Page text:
Abby Diebold | Swarthmore College
Every week or so, on bulletin boards in the dining hall and posts in the Facebook page, one of our campus student groups advertises an event. Sometimes they have a purpose (education about a topic, voter registration); sometimes they’re simply an excuse to spend the College’s money on Insomnia Cookies and pizza. The ubiquitous, catch-all term for these events? Study breaks.
My freshman fall, I was thrilled by this new collegiate phenomenon. The Green Advisors are giving out smoothies? There’s mochi in the Lang Center? I’m there. I planned my week around study breaks, carefully writing the group, the time, and, most importantly, the food, into my planner every time I saw a flyer.
Slowly, though, the “study break” crept into other parts of my vernacular. My friends and I would discuss meeting for “study breaks” at Essie’s, our on-campus snack bar, or having tea in someone’s room as a “study break.” It didn’t matter that these events were almost always past 10 PM, past when we could have been in any way productive with our studying. They were study breaks – that was what we called them.
I began to feel the implications of the term. If every event was a study break, it meant everything else was studying – it meant your day was sleep, eat, study, study break, study, study, study. We were never allowed to attend an event because we wanted to, because we were done for the day, because we were taking a night off. We were only ever allowed breaks.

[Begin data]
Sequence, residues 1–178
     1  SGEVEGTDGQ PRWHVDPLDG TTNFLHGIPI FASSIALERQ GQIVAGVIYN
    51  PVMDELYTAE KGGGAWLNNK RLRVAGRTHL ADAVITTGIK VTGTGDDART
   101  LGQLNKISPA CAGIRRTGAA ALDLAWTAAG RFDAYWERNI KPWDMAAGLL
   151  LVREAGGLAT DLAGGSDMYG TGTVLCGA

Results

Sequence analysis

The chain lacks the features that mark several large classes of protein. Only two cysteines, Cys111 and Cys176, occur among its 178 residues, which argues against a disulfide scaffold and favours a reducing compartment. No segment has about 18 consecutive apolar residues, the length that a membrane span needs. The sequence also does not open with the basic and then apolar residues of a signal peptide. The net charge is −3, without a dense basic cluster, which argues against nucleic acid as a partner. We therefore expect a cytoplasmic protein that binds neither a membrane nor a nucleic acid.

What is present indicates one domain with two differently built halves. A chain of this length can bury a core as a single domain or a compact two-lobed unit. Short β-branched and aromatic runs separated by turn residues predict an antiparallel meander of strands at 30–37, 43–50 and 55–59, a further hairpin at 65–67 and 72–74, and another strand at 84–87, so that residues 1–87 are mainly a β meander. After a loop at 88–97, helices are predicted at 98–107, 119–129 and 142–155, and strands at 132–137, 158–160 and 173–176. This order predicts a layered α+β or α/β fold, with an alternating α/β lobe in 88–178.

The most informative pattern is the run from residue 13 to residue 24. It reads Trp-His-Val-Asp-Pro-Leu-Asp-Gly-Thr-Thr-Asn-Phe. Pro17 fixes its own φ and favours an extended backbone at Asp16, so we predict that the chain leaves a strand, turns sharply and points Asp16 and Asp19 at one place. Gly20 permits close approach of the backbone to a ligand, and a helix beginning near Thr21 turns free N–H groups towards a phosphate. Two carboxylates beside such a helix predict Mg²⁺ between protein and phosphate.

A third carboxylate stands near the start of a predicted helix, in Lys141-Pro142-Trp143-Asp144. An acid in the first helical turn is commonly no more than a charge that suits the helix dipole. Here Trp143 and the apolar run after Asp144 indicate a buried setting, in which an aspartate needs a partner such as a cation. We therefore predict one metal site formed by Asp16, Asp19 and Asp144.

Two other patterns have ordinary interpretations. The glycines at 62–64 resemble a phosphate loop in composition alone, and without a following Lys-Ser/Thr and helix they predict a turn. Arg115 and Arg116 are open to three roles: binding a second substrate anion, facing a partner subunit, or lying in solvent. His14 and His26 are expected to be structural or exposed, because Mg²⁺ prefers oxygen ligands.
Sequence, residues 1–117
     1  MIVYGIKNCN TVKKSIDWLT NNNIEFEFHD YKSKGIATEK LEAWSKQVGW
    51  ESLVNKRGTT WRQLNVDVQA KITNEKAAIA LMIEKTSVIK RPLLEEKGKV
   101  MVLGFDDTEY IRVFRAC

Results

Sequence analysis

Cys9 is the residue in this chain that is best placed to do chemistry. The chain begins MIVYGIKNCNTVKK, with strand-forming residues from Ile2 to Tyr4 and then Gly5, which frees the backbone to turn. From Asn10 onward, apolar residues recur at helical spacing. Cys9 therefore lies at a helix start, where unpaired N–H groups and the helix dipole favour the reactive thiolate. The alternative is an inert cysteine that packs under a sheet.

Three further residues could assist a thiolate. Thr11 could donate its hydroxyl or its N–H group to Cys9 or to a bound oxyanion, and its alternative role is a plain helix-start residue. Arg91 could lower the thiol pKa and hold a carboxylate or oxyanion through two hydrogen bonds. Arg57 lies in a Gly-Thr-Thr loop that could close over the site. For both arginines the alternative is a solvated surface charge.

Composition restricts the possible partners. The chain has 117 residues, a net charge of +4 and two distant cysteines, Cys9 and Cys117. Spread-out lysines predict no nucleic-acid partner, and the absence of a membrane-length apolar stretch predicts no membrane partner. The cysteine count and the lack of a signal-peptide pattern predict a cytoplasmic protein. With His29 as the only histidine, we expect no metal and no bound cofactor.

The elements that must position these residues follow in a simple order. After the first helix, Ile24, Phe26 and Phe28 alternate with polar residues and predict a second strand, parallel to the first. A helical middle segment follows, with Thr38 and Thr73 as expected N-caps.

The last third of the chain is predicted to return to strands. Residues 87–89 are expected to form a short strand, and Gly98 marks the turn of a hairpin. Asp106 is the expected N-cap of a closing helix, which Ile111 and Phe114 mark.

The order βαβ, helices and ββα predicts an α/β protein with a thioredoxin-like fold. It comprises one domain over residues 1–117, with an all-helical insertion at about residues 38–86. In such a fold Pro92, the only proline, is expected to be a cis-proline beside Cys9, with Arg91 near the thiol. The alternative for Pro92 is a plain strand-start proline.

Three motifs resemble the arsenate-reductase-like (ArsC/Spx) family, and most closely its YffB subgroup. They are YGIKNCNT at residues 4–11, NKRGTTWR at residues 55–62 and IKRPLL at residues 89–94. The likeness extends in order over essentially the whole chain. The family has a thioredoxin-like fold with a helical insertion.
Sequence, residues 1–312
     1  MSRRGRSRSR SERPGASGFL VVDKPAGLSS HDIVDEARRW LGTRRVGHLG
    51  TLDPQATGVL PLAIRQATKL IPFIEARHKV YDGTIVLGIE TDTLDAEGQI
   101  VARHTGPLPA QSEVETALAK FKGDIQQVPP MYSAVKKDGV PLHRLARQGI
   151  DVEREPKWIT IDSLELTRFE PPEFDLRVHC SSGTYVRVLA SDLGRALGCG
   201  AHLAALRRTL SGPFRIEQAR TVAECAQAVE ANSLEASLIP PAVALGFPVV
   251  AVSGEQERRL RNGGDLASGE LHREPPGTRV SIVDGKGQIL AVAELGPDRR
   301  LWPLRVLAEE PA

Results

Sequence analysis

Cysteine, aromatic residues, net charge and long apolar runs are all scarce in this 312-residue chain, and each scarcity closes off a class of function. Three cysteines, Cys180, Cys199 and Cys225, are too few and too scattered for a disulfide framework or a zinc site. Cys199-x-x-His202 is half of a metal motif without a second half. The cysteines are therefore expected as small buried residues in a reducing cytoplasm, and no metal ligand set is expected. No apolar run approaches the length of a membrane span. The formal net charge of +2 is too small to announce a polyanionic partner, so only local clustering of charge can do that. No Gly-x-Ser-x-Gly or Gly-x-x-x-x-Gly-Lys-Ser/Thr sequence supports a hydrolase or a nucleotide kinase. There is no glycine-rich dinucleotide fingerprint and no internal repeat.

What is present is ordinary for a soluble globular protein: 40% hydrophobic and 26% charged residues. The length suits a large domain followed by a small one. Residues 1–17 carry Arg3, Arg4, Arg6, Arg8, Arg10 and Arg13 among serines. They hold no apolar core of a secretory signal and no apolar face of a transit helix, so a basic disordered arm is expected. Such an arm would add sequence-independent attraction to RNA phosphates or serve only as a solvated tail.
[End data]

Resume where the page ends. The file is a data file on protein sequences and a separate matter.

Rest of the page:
This idea, that students exist in a constant cycle of studying, has permeated the way we talk about college. Recently, my college redesigned a student space, that had previously been referred to as the student lounge. The function? To make it a more acceptable co-working space. The administration wanted to give us more places to study.
If every event was a study break, it meant everything else was studying -- it meant your day was sleep, eat, study, study break, study, study, study.
We are at college to study, and to learn – I’m not denying that. But we’re also at college to be curious, to inquire, to innovate, to become constructive citizens, to find ways to contribute to the world outside of the ivory tower bubble. And yet we are only given spaces to study. We are shuttled from a library to a “but it’s not a library!” alternative study space to a classroom and back again, day in and day out, and nobody attempts to challenge the cycle. Nobody is the voice to tell you that yes, your sleep is more important than your readings and yes, you should go to the talk or the rally or the protest even if it’s three fewer hours of studying because you are also here to be a person.
So here it is: my public call to end the study break. I am not suggesting (god forbid) that we have less mochi or fewer cookies on campus. Instead, I want us to have a serious conversation about what mental health on college campuses looks like and, more importantly, what it should look like. Students deserve better than a five-minute walk for a sweet treat and the overhanging implication – “you’re going back to study now, right?” We need actual mental health support, honest conversations about the challenges college students face, and a redirection of resources towards ensuring students are given the tools to succeed. That’s what caring about students looks like – not a study break.